2. A stronger Independent Commission on Aid Impact
To enable it to provide independent advice to parliament on the results being achieved by UK ODA, we will double the resources of the Independent Commission on Aid Impact, and to ensure its independence we will transfer responsibility for budget and appointments to Parliament's International Development Committee.
3. Coherence and accountability for development across all of Government
The Department for International Development (DFID) will remain a separate government department, headed by a Secretary of State for International Development. They will chair a new Cabinet Committee, supported by the secretariat of the National Security Council, to coordinate aid spending and other policies across government, and will be accountable to the Prime Minister and to Parliament for overall value for money, transparency and coherence of Britain’s aid spending and policies affecting international development. The Committee will develop, publish and oversee the implementation of whole-of-government strategies for each priority developing country, replacing country strategies developed separately by individual government departments.
4. Tough love for the multilateral system
Britain will continue to champion a rules-based, legitimate, efficient multilateral system. But some of the world’s most important institutions are not fit for purpose and we will be uncompromising in driving reform, working with others. Multilateral institutions will benefit from earned autonomy: we will give more money and freedom to organisations that have earned the trust and resources of British taxpayers. Where agencies are completely transparent, so that money can be followed from top to bottom, and their programmes are demonstrated to be good value for money by independent, transparent, rigorous impact evaluations, we will provide more core funding. For organisations that have not yet demonstrated their impact and value for money, we will enter into tightly-specified results agreements as a condition of core UK funding, with a substantial part of the funding provided only when results have been demonstrated. For the least effective institutions, British contributions will be earmarked, not core, and closely linked to an agreed programme of organisational improvements and results. Organisations in this last group that do not improve within three years will cease to receive money from the UK government. We aim to increase multilateral aid, i.e. core funding to demonstrably effective multilateral institutions to at least 50 percent of ODA (from 42 percent now), as and when their performance merits it, while reducing the proliferation of so-called “multi-bi” earmarked programmes such as trust funds to less than 5 percent of ODA (from 20 percent now). This will be a significant improvement in the effectiveness of British aid, 64 percent of which is currently provided as bilateral aid, much of which is going to multilateral institutions anyway, leading to unnecessary bureaucracy, duplication and burdens on developing countries.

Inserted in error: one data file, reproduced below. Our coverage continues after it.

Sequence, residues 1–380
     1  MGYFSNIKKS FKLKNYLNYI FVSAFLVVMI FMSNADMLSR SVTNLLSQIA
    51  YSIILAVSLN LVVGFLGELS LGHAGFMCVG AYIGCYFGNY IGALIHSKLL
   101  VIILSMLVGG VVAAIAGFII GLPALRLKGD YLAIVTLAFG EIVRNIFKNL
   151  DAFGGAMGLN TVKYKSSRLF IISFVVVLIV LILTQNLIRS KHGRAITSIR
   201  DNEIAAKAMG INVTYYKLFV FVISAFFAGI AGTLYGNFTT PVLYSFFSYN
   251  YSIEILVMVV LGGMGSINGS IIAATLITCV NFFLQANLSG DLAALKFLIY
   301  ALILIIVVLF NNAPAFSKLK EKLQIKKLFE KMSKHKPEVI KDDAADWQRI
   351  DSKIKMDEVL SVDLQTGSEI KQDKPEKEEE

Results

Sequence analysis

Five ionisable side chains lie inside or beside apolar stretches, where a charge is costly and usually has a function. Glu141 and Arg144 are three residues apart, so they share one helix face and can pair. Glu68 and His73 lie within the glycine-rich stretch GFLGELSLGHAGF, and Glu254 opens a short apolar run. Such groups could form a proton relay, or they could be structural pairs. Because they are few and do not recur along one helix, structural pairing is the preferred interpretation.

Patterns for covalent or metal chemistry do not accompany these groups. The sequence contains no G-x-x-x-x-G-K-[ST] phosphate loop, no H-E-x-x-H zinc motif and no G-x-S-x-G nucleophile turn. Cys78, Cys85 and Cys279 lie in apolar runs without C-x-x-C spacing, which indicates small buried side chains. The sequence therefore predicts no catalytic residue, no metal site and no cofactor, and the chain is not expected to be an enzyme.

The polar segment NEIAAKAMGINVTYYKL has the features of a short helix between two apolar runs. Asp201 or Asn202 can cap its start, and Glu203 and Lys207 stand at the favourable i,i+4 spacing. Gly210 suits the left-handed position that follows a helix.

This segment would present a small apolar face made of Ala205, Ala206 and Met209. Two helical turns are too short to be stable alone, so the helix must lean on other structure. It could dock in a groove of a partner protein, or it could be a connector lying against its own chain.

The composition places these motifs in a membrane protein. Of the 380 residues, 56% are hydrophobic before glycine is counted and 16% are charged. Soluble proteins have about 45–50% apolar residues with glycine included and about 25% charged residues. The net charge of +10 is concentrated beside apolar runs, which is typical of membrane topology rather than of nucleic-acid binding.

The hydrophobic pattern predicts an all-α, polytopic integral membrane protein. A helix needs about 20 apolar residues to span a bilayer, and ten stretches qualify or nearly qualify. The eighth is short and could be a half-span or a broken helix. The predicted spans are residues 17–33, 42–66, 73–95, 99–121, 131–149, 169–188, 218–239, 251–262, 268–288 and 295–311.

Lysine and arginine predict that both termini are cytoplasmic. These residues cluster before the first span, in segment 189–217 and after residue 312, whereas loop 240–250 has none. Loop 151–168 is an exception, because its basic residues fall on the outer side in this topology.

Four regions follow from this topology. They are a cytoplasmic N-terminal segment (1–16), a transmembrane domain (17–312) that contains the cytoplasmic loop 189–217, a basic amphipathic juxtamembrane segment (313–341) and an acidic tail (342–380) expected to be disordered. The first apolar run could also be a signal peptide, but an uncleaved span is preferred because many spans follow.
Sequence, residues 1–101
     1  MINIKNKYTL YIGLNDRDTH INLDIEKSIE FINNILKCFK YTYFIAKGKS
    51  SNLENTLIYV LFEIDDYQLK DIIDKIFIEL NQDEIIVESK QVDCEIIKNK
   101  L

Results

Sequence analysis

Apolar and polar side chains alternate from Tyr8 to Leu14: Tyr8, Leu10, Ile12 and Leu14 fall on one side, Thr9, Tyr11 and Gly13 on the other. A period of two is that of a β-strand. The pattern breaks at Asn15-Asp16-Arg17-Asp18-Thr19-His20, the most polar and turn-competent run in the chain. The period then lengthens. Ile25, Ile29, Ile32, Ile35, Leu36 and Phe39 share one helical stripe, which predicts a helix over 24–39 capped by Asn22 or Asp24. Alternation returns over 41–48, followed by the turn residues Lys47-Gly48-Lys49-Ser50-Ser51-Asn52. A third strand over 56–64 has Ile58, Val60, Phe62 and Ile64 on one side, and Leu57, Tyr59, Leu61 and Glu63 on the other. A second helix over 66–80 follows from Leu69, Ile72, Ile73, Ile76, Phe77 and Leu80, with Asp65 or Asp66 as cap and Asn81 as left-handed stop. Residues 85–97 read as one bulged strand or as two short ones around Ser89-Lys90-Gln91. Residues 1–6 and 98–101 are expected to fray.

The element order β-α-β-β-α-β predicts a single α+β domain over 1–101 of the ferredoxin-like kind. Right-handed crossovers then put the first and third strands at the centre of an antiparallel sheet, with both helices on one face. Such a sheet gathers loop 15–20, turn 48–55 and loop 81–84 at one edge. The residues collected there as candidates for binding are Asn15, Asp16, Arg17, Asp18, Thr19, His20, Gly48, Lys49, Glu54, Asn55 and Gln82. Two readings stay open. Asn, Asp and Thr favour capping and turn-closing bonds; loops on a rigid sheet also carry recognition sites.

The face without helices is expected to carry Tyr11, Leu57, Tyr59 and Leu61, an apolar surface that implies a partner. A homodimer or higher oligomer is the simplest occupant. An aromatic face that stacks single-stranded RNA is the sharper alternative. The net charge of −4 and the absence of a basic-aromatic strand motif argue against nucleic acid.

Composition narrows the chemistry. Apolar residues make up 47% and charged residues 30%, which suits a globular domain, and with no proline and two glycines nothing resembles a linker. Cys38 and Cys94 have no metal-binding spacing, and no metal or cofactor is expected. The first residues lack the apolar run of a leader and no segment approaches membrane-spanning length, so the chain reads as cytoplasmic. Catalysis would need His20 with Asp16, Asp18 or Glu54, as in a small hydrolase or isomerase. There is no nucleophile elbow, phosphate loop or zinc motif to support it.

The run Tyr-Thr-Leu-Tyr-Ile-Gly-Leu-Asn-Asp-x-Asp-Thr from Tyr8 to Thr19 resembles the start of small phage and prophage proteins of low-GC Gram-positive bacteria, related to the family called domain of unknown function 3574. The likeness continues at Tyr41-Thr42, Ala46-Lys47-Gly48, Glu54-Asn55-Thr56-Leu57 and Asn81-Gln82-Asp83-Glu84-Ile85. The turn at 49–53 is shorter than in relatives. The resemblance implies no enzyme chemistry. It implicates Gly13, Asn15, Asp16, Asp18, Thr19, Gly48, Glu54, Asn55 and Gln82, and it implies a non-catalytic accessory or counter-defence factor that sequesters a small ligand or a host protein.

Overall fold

5. Using technology to make aid spending more transparent and accountable
We will make aid more transparent, using new technology to enable citizens to “follow the money” to see where their aid has been spent and what impact it has had. By 2019 all government departments administering UK ODA will be required to meet the good or very good standard the independent Aid Transparency Index. By 2020, the public will be able to “follow the money” for at least 90 percent of bilateral UK aid whether it is spent through NGOs, international organisations or private contractors. This will be achieved through a programme of geo-coding, traceability and standardised quantitative results. By 2020 we will move all grants and contracts to transparent reporting of expenditure and results through the open data standard of the International Aid Transparency Initiative, which implementing partners may choose to use instead of separate reporting to the government, so reducing the bureaucratic burden on implementers while increasing transparency.